The Maple Leafs dealt James Reimer
to the San Jose Sharks as part of a multi-player trade Saturday – a move team GM Lou Lamoriello said was necessary to gauge the capabilities of other goaltenders in the Buds’ pipeline – and the veteran netminder will be missed, not only by his teammates and everyone in the organization, but by Leafs fans and the city of Toronto. Few, if any professional athletes who’ve played in Canada’s largest city have been as kind, classy and charitable as Reimer, and the outpouring of emotion on social media is proof positive of the enormous effect he had in his six seasons wearing Blue & White.
All of that was entirely earned by the 27-year-old Manitoba native. Toronto made Reimer the 99th pick in the 2006 Entry Draft, and he worked his way through the Leafs’ minor-league system – first, with Reading and South Carolina of the ECHL; then, in one-and-a-half seasons with the American League’s Marlies – before making his NHL debut in December of 2010 against the Atlanta Thrashers. He never had anything handed to him, and his demeanour never changed, whether he was serving in a backup role or as the Leafs’ starter between the pipes, whether he was struggling as an individual or thriving. He always was humble, always was polite, always tried to put himself in the shoes of those around him.
The NHL may be a league in which players are judged by wins and losses, but character counts for something, and Reimer has it in spades.
Reimer’s best year, statistics-wise, came in 2012-13, when he posted a career-high .924 save percentage and 2.46 goals-against average, and was Toronto’s starter in net for their first-round playoff series against the Boston Bruins. However, he began the current campaign as strongly as he’s ever played – in many games this season, he was the Leafs’ best player – and made himself attractive enough on the trade front to lead to the deal on Saturday (which also sent Marlies winger Jeremy Morin to San Jose for goalie Alex Stalock, forward Ben Smith, and a conditional fourth-round draft pick in 2018). And the only reason Reimer is now an ex-Leaf is because Toronto is in the midst of a process that requires management to assess their current group of assets with an eye toward contending for the Stanley Cup in the years ahead.
To that end, the Leafs recalled goalie Garret Sparks from the AHL following the trade, and the 22-year-old – who acquitted himself well in a five-game NHL stint that began in late November – will back up veteran Jonathan Bernier Saturday in Montreal when the team takes on the Canadiens.
“We needed to take a look at our minor-league goaltenders, who are playing extremely well,” Lamoriello said in a conference call Saturday. “We have to take a look at Garret Sparks right now, and see if how he performed when he did come up earlier is something that is the real thing. We’re going to have to find out about (Marlies goalie Antoine) Bibeau. These are all things that are in the process, and you can’t do it when you have two goaltenders here in the NHL.
“You never know unless they give you the opportunity, and the only way you get an opportunity is if there’s a space available for that.”
Lamoriello referred to Reimer as “a quality person (and) quality player,” who handled the news of the trade with his trademark class. And everyone in the organization who dealt with Reimer undoubtedly would agree. He had all the time in the world for the team’s fans, had a special connection to the military via the Leafs’ annual Armed Forces Night, and represented the city with dignity and decency at all times. That’s why fans – who’d taken to calling him “Optimus Reim” over the years – were saddened by the deal. But those same fans also know where Toronto is in the competitive cycle, and accept him moving on. It’s all part of the process of turning the team into a bona fide Cup contender, year-in-and-year-out, and Lamoriello understands that sometimes means parting ways with players who’ve done everything asked of them.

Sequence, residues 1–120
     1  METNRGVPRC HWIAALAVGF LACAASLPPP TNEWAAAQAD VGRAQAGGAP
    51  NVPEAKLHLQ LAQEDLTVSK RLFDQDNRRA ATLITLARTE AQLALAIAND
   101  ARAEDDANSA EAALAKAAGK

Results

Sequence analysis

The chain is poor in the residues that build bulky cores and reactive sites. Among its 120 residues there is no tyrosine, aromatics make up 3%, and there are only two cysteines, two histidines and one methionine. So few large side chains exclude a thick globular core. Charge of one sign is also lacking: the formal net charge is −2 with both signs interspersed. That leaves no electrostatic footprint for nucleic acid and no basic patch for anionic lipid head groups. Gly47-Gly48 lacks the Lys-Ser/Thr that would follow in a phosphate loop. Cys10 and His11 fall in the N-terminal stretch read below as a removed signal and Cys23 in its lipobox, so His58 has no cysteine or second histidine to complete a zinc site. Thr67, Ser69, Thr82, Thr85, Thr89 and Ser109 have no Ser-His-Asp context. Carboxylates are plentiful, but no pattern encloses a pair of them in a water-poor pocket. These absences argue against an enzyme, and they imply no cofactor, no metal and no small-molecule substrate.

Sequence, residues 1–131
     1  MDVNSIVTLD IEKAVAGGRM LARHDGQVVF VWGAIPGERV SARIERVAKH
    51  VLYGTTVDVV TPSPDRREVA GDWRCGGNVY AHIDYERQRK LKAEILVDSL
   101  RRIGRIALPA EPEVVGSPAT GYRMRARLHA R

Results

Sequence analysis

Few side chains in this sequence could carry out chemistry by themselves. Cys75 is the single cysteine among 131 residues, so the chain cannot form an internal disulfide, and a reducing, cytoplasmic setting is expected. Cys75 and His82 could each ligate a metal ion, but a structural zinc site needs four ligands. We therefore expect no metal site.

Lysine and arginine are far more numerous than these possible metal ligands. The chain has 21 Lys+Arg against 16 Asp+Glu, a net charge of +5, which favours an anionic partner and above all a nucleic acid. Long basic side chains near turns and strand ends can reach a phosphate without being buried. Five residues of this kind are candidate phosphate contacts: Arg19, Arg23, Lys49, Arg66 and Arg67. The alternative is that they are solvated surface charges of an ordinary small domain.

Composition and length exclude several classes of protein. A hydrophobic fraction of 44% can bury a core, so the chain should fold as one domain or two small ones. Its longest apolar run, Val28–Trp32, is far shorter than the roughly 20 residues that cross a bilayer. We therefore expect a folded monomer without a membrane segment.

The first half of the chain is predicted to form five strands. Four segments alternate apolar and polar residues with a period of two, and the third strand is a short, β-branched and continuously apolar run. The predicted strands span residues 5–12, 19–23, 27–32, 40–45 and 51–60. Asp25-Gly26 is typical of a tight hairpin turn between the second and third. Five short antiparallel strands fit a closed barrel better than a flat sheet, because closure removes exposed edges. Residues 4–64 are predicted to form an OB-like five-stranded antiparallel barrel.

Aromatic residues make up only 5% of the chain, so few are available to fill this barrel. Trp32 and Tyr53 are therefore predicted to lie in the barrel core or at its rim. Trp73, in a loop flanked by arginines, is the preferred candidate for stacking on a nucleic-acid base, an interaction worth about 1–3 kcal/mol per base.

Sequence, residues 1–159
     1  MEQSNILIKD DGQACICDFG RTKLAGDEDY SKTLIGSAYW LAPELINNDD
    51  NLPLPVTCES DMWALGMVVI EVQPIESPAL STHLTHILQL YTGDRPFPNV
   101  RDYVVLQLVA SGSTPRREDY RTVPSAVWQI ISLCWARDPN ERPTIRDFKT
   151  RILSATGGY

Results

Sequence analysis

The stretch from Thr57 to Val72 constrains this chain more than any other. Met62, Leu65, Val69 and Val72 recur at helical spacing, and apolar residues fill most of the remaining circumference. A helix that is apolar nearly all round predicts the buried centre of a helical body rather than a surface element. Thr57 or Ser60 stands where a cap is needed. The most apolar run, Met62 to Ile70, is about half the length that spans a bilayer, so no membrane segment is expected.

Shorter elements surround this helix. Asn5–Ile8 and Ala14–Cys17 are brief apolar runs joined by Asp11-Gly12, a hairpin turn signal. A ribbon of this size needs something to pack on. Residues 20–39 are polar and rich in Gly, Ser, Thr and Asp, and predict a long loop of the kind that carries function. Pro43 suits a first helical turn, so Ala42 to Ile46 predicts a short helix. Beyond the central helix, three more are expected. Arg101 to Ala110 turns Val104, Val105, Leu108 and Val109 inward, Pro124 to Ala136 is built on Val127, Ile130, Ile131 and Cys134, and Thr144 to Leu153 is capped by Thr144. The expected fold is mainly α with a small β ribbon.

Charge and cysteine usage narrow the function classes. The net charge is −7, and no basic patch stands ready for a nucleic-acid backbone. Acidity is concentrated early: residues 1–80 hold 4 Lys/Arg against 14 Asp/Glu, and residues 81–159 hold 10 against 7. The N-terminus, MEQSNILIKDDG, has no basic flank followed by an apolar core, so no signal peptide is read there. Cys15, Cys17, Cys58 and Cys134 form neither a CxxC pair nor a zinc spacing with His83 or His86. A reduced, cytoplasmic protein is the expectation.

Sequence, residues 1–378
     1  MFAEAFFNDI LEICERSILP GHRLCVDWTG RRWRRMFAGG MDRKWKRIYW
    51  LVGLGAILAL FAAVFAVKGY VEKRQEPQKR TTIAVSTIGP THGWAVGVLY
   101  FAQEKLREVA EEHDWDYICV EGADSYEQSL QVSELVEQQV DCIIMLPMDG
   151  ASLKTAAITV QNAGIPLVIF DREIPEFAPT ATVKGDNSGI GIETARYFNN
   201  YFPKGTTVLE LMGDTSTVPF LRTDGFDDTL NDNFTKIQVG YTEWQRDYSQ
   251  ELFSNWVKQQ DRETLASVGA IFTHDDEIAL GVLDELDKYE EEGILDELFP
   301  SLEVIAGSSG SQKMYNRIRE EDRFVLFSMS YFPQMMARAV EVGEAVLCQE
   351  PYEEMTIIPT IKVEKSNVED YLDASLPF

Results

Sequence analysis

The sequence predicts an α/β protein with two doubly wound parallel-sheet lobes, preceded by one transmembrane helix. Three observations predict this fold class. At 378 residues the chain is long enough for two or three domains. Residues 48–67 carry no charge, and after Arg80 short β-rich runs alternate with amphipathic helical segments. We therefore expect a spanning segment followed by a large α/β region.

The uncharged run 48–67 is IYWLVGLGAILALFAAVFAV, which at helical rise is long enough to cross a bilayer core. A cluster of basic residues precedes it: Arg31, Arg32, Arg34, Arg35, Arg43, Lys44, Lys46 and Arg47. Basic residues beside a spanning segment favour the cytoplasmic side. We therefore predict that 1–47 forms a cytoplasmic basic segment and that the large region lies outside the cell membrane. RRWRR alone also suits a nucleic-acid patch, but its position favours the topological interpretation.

“Whenever you have a plan, you always go accordingly to it, as difficult as it is sometimes,” Lamoriello said. “What we have done is try to acquire pieces that can help us not only to gain young prospects, but also pieces that can gain players at the right time. You never know when that is, so I think that the situation we have been in, and what the process has been, and what (head coach) Mike (Babcock) and his staff has done with the team, we can see exactly the competitiveness that we have each and every night, no matter who is in that lineup. So it allows you to make some of these decisions, because we know we’re going to be able to play with anybody on every given night.
“These (trade) decisions are made for today and tomorrow, or you can reverse that and say tomorrow and today, because today we’re finding out about people that we have in our organization and whether they can do the job or not do the job. And we’re also preparing for the future, by acquiring picks or acquiring assets.”
Reimer certainly was an asset in his time with Toronto – and so was his wife, April, who took an unfortunate experience of dealing with some horrible people on Twitter a few years back and turned it into a huge positive in the form of an anti-bullying campaign to help young people. Like her husband, April was a tremendous addition to the organization and the city, and both James and herself will always have a place in the hearts of Leafs fans.
Legacy matters. The way you treat people, in good times and bad, matters, too. And James and April Reimer carved out phenomenal legacies in Leafs history. We wish them the best.